Dare Rushdie did, and this exhortation to the state-sanctioned murder of an author and all those associated with the translation and distribution of the book exposed the belly of cowardice that often accompanies attempts to defend literary freedoms.
Rushdie’s translator Hitoshi Igarashi was, in fact, murdered, while its Norwegian publisher, Guillaume Nygaard, was seriously injured. Turkish Translator, Aziz Nesinescaped a mob aggression which left 37 dead in Silvas, Turkey.
It was one thing to find fanatics who had never read the book and wanted to get rid of the author in a fit of state-sponsored fanaticism. But then there was that camp: those who, in principle, opposed the fatwa but still wished to attack Rushdie as an act of cultural understanding and solidarity with his enemies. (Graeme Wood of Atlantic call them “The team to be sure”who denied the West’s defense of Rushdie’s free speech, saying the harm could have been avoided if he hadn’t been so prone to offend.)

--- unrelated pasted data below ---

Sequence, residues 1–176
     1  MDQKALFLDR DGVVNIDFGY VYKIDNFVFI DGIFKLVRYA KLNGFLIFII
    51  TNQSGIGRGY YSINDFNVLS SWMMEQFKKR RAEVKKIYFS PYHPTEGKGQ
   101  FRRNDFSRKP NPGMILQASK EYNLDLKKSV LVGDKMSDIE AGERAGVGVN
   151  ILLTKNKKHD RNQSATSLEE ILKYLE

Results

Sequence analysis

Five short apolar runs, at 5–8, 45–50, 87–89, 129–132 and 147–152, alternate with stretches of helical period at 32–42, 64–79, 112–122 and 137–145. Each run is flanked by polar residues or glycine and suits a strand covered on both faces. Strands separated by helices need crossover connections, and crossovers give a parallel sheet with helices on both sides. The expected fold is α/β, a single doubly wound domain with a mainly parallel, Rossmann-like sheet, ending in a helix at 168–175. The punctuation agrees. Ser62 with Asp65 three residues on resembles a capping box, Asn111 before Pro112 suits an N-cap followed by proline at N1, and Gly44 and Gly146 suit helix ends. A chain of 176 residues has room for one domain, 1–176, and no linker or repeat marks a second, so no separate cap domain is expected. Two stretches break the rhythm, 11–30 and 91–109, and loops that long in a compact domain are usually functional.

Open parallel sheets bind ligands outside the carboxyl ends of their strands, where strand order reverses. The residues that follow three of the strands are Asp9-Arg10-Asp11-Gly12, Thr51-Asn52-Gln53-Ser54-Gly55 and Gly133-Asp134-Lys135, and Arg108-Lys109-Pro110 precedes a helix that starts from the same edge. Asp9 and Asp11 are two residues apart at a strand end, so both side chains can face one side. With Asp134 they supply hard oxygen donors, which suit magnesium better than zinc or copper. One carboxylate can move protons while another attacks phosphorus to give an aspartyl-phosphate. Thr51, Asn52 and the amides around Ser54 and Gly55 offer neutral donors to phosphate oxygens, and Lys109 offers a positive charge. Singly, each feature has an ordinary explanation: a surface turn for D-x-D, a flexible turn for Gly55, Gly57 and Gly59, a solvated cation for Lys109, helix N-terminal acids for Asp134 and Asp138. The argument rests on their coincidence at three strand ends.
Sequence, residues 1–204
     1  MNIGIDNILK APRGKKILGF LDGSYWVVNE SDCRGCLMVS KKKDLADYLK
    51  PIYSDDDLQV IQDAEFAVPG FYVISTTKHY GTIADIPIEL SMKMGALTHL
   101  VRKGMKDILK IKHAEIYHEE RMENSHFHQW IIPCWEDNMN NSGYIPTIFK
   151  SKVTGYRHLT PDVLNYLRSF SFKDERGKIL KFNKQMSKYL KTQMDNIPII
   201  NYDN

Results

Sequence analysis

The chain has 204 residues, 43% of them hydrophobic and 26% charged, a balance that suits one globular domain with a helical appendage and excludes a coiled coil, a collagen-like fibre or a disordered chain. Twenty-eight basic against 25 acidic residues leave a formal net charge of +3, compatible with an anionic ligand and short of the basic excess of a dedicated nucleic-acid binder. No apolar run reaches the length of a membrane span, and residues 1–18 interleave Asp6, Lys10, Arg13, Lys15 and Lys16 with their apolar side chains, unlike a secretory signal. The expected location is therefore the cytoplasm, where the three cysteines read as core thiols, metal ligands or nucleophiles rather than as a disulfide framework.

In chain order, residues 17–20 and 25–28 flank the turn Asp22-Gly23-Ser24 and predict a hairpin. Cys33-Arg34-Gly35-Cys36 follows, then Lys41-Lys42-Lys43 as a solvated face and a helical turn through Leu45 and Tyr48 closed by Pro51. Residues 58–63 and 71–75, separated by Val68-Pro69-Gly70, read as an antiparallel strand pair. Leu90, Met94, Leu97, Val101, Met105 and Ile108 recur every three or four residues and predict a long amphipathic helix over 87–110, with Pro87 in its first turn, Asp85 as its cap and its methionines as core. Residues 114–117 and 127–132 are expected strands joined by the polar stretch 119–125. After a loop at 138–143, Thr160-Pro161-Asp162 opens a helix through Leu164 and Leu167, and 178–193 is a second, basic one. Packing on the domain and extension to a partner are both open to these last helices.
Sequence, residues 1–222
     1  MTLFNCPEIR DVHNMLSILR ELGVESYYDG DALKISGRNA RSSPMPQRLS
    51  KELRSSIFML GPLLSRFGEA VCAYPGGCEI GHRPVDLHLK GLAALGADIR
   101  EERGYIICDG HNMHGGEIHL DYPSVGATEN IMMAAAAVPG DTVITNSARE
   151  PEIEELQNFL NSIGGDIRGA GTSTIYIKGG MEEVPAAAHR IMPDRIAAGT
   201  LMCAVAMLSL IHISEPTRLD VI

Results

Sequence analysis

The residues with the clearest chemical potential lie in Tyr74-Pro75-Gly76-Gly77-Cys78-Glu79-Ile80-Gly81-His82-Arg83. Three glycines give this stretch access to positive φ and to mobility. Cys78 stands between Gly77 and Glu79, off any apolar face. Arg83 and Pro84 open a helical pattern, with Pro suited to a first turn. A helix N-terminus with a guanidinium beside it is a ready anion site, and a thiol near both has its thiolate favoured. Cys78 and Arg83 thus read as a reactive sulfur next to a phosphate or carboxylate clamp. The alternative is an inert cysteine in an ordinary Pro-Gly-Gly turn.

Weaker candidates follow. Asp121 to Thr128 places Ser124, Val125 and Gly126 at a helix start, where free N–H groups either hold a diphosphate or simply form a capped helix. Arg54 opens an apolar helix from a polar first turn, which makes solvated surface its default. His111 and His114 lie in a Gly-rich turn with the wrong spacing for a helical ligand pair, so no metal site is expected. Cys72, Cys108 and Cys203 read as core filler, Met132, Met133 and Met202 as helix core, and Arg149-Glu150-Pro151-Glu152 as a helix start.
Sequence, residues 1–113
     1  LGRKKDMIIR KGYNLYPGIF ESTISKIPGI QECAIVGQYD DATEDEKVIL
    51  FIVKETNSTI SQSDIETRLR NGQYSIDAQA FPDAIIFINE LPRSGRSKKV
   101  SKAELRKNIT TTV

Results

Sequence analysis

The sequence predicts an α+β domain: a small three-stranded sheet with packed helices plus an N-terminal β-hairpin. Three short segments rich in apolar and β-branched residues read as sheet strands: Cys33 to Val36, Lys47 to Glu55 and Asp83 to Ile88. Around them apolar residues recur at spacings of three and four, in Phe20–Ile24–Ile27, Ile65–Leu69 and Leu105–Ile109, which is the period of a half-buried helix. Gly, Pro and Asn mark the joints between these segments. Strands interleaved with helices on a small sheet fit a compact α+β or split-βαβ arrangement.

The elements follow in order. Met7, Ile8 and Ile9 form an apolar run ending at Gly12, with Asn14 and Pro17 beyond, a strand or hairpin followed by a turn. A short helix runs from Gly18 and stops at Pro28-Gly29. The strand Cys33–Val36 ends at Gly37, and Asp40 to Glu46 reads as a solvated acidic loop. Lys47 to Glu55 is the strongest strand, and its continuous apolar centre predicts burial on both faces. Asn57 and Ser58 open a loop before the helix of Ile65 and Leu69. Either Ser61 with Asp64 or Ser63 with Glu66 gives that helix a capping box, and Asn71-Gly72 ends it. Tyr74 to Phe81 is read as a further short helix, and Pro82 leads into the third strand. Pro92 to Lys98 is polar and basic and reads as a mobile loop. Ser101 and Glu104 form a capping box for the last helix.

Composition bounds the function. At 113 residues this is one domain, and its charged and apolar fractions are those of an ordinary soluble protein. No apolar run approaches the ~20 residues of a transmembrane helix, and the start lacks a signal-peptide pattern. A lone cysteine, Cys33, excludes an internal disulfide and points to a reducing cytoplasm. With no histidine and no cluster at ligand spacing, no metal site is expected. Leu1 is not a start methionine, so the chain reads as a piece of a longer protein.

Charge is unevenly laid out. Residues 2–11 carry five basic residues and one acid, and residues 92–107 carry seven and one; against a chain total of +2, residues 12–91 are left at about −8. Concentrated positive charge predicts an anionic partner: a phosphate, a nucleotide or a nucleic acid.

The events of 1989 cast a long shadow. There were those in holy orders who thought the Ayatollah was right. There was Robert RuncieArchbishop of Canterbury, who call for a strengthening of blasphemy laws to cover religions other than Christianity, although he was also careful to “…condemn incitement to violence, whatever the source…”. Very Church of England.
And there was the former US president Jimmy Carterwho seemed like a problem that an author’s rights were considered fundamental even in the face of insulting religions. And the insulted? Where would their anger go?